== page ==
(Phys.org) —Sixty years after the U.S. Supreme Court ended "separate but equal" in public schools, the UCLA Civil Rights Project/Proyecto Derechos Civiles released a report today showing the segregation is on the rise in many schools across the country.
Desegregation progress was very substantial for Southern blacks, in particular, says the report, titled Brown at 60: Great Progress, a Long Retreat and an Uncertain Future and occurred from the mid-1960s to the late l980s. The authors state that, contrary to many claims, the South has not gone back to the level of segregation before Brown. It has, however, lost all of the additional progress made after 1967, but is still the least segregated region for black students.
"Brown was a major accomplishment and we should rightfully be proud. But a real celebration should also involve thinking seriously about why the country has turned away from the goal of Brown and accepted deepening polarization and inequality in our schools," said Gary Orfield, co-author of the study and co-director of the Civil Rights Project, which released the study. "It is time to stop celebrating a version of history that ignores our last quarter century of retreat and begin to make new history by finding ways to apply the vision of Brown in a transformed, multiracial society in another century."
This new research affirms that the growth of segregation coincides with the demographic surge in the Latino population. Segregation has been most dramatic for Latino students, particularly in the West, where there was substantial integration in the 1960s but segregation has soared since. The report concludes with recommendations about how the nation might pursue making the promise of Brown a reality in the 21st century—providing equal opportunity to all students regardless of race or economic background.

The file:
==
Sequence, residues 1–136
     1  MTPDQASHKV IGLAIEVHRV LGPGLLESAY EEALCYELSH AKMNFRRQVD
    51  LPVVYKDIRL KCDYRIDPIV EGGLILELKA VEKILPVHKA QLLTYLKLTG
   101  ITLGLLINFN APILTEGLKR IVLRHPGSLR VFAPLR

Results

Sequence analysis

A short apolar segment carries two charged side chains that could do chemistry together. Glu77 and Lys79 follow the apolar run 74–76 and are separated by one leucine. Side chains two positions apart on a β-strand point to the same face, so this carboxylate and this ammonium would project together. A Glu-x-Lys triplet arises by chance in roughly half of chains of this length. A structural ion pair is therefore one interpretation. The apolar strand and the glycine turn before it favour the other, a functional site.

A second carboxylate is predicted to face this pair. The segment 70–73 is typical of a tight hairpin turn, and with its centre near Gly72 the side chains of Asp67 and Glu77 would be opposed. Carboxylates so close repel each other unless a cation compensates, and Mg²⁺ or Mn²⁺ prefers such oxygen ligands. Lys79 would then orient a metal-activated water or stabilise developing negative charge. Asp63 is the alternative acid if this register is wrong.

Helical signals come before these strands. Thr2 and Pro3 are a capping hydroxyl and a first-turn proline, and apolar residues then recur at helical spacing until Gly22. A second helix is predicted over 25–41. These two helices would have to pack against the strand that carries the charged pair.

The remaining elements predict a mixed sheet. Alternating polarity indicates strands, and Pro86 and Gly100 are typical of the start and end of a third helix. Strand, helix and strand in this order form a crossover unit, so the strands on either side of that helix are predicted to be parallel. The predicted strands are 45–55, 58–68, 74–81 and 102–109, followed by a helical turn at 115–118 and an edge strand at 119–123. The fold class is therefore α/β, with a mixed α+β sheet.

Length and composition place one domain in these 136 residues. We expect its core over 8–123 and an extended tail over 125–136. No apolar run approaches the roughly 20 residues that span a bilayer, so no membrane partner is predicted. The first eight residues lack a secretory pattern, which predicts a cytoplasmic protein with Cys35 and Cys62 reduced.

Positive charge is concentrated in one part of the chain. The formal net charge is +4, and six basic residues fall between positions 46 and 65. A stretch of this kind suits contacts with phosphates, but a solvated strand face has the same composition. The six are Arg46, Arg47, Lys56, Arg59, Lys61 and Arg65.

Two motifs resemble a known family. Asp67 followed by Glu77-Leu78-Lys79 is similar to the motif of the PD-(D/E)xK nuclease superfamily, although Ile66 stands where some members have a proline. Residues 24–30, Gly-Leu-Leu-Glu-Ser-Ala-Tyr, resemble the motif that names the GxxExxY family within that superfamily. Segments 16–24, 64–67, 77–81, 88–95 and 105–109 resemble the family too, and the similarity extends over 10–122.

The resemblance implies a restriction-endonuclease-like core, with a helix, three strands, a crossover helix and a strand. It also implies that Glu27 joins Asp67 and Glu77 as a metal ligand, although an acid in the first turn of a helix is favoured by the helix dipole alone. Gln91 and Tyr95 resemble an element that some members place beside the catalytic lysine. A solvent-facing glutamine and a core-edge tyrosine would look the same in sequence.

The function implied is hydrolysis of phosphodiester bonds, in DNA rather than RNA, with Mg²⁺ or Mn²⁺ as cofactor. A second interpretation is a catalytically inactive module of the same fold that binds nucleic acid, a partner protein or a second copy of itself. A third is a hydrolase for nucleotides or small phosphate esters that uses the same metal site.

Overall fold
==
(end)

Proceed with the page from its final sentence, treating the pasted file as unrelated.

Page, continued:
The Civil Rights Project released another study this week co-authored by Orfield that assessed California's progress in addressing school segregation and found that California students are more racially segregated than ever.
In that study, Segregating California's Future: Inequality and its Alternative 60 Years after Brown v. Board of Education, Orfield and Jongyeon Ee, a graduate student researcher at the Civil Rights Project, analyzed demographic data from California's more than 10,000 schools. They concluded that California's school enrollment has grown far more diverse since Brown. But demographic shifts that could have led to more diverse and integrated schools have, instead, resulted in the educational isolation of Latino and African-American students.
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The study, "Segregating California's Future: Inequality and its Alternative 60 Years after Brown v. Board of Education," is available online: civilrightsproject.ucla.edu/research/k-12-education/integration-and-diversity/segregating-california2019s-future-inequality-and-its-alternative-60-years-after-brown-v.-board-of-education